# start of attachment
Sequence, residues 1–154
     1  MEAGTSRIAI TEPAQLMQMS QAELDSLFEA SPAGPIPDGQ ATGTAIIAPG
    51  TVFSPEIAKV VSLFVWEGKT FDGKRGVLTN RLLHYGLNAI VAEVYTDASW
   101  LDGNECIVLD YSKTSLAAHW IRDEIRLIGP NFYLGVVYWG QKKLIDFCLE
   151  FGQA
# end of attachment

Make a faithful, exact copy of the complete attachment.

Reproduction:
Sequence, residues 1–154
     1  MEAGTSRIAI TEPAQLMQMS QAELDSLFEA SPAGPIPDGQ ATGTAIIAPG
    51  TVFSPEIAKV VSLFVWEGKT FDGKRGVLTN RLLHYGLNAI VAEVYTDASW
   101  LDGNECIVLD YSKTSLAAHW IRDEIRLIGP NFYLGVVYWG QKKLIDFCLE
   151  FGQA